GWR Bristol

The first element of the proposed World Heritage Site is the complex of first generation buildings at Brunel’s Grade I Listed Temple Meads Station in Bristol. The offices and boardroom at Temple Meads are currently being converted into a museum, the engine shed has been turned into The Exploratory, while the train shed is exhibition space. The 1865 front block of the later station is the main reception area for the present mainline station. The original line then sweeps north over the Floating Harbour, and then east on an embankment over the Feeder canal to the River Avon which it crosses by a masonry Gothic arched bridge (Grade I Listed) where the first element concludes.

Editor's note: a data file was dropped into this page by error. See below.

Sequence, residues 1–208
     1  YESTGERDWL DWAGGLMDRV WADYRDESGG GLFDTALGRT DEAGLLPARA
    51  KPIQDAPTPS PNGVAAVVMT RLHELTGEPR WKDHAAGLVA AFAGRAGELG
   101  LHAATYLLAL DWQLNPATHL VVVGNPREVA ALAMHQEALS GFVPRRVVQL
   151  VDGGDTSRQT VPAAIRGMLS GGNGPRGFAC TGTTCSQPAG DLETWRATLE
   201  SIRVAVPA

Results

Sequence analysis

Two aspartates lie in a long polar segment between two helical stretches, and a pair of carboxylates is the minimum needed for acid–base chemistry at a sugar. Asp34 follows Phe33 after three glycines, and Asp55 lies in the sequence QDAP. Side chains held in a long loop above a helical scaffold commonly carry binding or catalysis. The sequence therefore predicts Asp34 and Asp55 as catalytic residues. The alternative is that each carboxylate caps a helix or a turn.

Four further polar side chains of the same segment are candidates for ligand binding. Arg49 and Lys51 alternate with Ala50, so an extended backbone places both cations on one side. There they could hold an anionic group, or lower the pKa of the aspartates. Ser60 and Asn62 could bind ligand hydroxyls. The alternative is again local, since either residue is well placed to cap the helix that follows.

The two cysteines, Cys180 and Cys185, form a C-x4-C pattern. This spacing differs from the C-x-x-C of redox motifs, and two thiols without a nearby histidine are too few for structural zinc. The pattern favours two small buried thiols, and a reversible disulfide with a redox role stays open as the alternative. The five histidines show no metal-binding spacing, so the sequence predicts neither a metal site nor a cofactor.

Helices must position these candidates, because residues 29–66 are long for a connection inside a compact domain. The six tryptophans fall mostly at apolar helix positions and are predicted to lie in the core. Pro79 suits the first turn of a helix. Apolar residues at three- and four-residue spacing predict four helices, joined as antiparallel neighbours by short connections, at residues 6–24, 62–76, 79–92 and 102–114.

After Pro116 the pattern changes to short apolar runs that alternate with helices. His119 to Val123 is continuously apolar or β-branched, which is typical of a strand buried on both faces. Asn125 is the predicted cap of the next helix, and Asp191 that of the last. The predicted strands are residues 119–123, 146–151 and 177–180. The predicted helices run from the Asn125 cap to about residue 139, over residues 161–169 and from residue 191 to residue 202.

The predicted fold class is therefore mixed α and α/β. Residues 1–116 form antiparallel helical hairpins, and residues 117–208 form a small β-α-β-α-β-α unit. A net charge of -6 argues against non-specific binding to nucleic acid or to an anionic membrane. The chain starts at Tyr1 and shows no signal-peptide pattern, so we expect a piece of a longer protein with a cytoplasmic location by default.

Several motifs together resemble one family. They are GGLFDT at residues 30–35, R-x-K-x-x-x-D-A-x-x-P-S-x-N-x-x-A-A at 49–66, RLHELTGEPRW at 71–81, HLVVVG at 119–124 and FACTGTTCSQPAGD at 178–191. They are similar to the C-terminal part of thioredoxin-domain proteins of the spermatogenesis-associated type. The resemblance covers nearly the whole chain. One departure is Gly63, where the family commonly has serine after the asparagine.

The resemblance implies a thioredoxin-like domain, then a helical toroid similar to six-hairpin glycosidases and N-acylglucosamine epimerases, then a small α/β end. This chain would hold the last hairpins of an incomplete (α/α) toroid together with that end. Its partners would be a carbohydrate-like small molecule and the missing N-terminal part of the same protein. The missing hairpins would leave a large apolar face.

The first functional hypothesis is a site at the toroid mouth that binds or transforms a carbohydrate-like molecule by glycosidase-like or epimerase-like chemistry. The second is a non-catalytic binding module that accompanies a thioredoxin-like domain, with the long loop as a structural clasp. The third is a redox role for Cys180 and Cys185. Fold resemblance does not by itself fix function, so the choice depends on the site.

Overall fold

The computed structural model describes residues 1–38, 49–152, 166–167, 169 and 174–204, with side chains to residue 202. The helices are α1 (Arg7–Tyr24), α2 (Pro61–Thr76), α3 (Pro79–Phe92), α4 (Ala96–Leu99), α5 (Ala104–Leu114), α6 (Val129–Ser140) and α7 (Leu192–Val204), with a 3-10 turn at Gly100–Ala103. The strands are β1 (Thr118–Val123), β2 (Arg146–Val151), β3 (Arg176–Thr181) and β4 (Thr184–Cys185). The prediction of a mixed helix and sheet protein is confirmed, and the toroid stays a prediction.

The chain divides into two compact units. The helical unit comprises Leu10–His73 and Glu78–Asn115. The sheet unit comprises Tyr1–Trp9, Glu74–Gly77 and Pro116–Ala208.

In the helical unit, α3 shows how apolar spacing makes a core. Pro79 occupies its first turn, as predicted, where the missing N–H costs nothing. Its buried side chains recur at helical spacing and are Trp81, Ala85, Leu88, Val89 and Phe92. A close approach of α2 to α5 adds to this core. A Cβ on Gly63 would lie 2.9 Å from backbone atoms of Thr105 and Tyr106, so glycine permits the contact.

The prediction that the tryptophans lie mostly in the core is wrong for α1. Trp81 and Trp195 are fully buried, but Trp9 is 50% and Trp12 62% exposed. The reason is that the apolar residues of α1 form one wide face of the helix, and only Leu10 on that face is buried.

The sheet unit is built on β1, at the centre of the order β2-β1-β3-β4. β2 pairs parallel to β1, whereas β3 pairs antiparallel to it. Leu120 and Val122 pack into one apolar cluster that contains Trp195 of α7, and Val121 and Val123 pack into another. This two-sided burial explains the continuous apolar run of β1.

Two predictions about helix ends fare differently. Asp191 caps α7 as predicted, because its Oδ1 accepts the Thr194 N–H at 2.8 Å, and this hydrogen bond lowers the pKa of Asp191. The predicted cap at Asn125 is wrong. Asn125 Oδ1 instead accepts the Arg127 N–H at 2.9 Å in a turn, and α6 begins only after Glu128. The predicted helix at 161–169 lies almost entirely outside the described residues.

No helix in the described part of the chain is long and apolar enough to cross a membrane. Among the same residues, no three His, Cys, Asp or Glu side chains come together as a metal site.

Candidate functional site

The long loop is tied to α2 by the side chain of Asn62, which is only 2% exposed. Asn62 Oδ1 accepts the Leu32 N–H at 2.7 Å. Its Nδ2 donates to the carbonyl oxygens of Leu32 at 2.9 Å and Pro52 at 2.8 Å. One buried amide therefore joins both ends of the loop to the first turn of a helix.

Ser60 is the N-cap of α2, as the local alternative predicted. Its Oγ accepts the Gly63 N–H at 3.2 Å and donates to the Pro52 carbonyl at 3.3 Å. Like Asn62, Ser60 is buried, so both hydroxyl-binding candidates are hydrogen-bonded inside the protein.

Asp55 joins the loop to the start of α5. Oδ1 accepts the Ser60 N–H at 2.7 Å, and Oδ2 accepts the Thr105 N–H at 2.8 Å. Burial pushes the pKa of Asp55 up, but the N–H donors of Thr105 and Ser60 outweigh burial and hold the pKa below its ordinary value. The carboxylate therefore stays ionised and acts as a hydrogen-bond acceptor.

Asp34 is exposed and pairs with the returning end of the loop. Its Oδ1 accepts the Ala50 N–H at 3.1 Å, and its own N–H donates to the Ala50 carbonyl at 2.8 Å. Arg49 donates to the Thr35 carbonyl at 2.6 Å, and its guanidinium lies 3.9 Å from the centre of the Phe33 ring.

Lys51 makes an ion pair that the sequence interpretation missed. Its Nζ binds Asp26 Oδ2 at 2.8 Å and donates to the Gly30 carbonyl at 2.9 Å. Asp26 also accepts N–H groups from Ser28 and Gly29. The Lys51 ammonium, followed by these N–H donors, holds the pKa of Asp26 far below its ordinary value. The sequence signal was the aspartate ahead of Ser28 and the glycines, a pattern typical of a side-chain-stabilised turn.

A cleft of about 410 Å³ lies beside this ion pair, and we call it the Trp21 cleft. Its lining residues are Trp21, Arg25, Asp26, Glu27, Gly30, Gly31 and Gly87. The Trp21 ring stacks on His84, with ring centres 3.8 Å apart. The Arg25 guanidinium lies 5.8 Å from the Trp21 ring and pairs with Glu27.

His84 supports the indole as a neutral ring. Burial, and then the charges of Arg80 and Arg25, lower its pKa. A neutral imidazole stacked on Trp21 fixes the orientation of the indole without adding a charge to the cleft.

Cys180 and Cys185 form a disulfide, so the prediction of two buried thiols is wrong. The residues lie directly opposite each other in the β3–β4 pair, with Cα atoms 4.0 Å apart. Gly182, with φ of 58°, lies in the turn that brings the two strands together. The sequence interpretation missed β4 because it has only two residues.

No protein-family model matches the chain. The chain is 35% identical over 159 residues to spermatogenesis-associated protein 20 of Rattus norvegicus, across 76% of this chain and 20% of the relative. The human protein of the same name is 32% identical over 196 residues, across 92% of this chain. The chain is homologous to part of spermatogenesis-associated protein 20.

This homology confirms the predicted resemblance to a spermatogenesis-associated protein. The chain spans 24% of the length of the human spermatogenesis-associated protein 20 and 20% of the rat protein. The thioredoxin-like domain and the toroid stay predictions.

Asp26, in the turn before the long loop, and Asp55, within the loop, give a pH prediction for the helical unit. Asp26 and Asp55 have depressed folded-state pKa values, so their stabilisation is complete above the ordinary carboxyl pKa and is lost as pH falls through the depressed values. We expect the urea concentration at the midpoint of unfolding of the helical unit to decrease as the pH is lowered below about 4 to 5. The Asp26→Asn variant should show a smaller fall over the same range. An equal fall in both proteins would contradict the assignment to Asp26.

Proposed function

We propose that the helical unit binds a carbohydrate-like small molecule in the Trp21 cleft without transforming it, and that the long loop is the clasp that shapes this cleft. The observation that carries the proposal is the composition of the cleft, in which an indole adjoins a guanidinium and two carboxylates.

The proposed Site recommences at Bath. It enters the World Heritage city of Bath via the turreted Twerton Tunnels and a long viaduct with infilled arches. These arches, whose facades are dignified by drip moulds over the window and door openings, were originally let as dwellings in order to recoup some of the engineering expenses of this section of line. The railway approaches the station by a battlemented masonry viaduct which crosses the Avon at a very oblique angle, the original wooden spans having been replaced in brick. Bath Spa Station has lost its roof over the track and has been extended, but the handsome central section of its Jacobean facade is as designed by Brunel. The line then recrosses the Avon with a fine classically detailed three arched masonry bridge with a central 88 feet span before proceeding to Bathwick on a masonry viaduct. The section of line to the east of Bathwick Hill through Sydney Gardens, with its swept retaining walls and cast iron and masonry bridges, is perhaps the most graceful railway townscape in the country. The proposed Site closes beyond the Warminster road bridge.

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